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Teachable Moment
Less Is More
September 2015

When Do Not Resuscitate Is a Nonchoice Choice: A Teachable Moment

Author Affiliations
  • 1Department of Surgery, University of Wisconsin, Madison
  • 2Department of Medical History and Bioethics, University of Wisconsin, Madison
JAMA Intern Med. 2015;175(9):1444-1445. doi:10.1001/jamainternmed.2015.2326

A 70-year-old man presented to our hospital for elective descending thoracic aortic aneurysm repair. Four years earlier, the patient had experienced acute aortic dissection of the descending aorta and was effectively treated with tight blood pressure control. This dissection was followed with serial imaging and his aorta slowly expanded to 6.5 cm. The patient reported intermittent back pain, fatigue, and weakness progressing over several months. After extensive discussion with the vascular surgeon and routine cardiopulmonary testing, the patient was brought to the operating room for replacement of his arch and thoracic aorta.

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    1 Comment for this article
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    How to have a better end of life care discussion
    Madhusree Singh | Veteran's Hospital, San Diego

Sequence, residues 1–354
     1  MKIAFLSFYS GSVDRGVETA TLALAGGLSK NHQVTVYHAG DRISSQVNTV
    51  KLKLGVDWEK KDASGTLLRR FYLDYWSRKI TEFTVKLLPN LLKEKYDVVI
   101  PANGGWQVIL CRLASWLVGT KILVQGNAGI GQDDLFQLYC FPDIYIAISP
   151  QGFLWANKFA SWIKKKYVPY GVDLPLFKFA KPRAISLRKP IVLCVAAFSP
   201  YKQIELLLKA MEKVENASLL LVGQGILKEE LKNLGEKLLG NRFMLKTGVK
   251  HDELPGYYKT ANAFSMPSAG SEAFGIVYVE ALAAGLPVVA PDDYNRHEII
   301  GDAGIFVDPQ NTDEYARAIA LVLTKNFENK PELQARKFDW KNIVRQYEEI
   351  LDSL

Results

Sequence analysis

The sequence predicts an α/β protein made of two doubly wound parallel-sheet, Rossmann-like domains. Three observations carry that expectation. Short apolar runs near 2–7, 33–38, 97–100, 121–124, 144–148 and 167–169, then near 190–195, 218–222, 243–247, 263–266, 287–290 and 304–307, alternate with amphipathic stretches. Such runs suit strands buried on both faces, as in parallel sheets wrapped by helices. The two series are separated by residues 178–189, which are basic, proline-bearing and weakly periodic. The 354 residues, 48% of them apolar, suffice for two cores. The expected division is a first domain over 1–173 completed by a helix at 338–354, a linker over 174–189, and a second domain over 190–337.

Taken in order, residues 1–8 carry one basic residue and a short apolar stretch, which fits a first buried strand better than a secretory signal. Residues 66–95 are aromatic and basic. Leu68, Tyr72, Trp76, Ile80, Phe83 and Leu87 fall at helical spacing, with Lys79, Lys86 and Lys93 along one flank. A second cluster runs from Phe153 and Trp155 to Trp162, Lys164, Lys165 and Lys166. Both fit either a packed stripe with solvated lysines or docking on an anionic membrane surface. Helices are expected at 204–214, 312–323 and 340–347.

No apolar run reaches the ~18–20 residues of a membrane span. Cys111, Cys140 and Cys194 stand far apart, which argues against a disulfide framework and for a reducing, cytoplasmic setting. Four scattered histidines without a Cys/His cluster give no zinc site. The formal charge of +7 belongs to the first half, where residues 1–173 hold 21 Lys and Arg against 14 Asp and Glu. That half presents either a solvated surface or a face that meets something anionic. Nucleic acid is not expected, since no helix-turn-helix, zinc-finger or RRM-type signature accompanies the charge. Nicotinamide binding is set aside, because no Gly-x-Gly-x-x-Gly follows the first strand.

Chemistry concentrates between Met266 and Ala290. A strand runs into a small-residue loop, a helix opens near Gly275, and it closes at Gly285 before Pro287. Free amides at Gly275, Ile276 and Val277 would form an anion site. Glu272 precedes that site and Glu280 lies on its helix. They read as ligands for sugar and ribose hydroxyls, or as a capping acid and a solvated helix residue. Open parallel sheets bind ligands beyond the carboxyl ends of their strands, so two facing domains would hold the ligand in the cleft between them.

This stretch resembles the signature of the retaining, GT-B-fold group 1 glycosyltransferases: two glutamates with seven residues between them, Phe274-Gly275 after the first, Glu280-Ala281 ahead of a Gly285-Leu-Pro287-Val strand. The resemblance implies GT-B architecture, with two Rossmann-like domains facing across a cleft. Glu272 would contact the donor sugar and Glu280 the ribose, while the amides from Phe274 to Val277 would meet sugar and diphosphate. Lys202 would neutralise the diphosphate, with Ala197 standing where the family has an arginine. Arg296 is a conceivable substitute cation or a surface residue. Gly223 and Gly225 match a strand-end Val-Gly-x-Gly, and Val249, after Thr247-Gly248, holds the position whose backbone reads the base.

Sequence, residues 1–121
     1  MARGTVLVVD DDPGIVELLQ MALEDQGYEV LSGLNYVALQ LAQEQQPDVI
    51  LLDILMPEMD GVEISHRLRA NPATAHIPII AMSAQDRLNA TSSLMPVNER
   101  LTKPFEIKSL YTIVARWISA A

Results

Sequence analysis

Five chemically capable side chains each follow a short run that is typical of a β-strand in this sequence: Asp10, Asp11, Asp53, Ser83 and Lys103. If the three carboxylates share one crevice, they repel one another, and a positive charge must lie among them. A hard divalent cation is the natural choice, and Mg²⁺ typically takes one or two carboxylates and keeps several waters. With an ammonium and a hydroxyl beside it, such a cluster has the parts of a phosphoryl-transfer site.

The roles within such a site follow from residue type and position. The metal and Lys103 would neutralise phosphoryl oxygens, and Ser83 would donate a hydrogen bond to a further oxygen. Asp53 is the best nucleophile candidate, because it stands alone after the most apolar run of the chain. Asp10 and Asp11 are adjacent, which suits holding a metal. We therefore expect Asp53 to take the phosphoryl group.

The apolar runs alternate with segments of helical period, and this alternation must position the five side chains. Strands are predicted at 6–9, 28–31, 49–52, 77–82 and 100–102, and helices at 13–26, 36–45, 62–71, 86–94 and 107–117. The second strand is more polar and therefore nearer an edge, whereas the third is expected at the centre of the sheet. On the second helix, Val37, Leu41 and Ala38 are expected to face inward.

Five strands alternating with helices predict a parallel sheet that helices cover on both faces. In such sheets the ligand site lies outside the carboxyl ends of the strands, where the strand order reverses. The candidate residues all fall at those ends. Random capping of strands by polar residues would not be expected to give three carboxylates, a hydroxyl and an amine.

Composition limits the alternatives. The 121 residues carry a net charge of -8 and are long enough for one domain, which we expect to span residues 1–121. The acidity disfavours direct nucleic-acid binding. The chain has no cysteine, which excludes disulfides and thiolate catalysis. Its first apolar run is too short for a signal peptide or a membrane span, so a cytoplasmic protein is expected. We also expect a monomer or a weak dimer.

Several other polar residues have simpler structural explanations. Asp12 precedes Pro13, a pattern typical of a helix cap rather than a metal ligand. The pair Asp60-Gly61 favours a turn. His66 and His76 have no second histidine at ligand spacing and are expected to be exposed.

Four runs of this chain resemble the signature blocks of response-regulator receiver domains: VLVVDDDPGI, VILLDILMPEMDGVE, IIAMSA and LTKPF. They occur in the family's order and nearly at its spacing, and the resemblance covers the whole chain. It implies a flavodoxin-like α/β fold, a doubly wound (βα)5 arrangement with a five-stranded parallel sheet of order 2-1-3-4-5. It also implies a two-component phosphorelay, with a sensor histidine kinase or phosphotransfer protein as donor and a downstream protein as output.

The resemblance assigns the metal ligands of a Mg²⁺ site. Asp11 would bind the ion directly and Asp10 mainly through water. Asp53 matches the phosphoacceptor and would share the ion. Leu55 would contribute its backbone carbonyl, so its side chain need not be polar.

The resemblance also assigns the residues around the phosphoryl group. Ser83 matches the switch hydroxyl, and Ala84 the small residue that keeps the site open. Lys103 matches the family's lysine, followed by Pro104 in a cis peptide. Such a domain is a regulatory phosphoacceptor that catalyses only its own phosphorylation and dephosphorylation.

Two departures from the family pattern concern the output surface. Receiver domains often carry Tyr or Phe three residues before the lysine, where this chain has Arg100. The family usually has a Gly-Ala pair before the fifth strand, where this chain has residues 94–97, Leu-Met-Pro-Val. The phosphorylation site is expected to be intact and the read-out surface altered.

I work as an Academic Hospitalist at the Veteran's Hospital at San Diego where I help train UCSD Internal Medicine trainees. When we admit a patient to the Medical Service, at the very end of our conversation, the junior or senior medical resident often starts by saying- \"I don't think this is going to happen, but if your heart stops or you stop breathing do you want CPR, intubation?\" This way of finishing a medical interview is much like ordering a sandwich, a smorgasbord of choices are offered and one takes a pick. Medicine does not work this way, this is a way of wasting the privileges inherent in the practice of Medicine.

    I recommend to our trainees that that end of life care discussions can be challenging and though there is no one way of doing it right, the following can be helpful-
    1. Speak of Death- do not use euphemisms like passing away.
    2. Make some time for this conversation- this is almost never one shot- and- you are done sort of procedure.
    3. Ask them about their Advanced Directive and who will make decisions for them if they were incapacitated and write down their name, relationship, telephone number.
    4. Educate them about their medical condition especially their prognoses, if you are aware of them or after speaking to their other doctors. Do not lecture, though. And never use jargon.
    5. Have an on going conversation with the patient, and in a perfect world, their primary care doctor and other specialist providing care.

    This is not a comprehensive list and should be finessed often but in my opinion a good place to start to have better conversations.
    CONFLICT OF INTEREST: None Reported
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